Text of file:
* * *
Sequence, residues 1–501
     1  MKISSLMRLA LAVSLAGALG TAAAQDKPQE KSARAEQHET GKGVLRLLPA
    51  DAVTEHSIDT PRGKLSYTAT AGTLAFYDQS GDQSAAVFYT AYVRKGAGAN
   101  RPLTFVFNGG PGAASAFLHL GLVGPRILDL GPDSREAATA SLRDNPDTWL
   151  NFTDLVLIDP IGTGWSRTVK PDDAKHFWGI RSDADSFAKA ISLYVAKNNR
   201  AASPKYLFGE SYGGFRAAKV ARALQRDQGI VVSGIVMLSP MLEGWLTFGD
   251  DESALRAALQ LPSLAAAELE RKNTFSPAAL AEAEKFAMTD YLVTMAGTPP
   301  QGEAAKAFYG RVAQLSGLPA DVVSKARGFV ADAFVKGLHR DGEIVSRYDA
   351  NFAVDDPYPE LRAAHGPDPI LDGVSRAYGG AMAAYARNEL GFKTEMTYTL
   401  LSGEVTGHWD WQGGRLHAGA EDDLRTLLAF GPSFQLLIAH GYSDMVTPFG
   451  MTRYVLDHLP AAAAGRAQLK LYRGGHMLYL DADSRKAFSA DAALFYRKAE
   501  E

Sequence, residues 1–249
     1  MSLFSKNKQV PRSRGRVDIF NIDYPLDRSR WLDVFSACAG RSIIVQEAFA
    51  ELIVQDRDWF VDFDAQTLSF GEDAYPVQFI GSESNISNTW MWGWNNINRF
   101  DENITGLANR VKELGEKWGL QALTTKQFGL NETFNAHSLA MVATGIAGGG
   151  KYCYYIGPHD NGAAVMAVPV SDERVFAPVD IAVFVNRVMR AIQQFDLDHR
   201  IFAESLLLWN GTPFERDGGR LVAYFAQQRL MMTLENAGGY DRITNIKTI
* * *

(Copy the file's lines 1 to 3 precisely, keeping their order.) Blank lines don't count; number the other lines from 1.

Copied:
Sequence, residues 1–501
     1  MKISSLMRLA LAVSLAGALG TAAAQDKPQE KSARAEQHET GKGVLRLLPA
    51  DAVTEHSIDT PRGKLSYTAT AGTLAFYDQS GDQSAAVFYT AYVRKGAGAN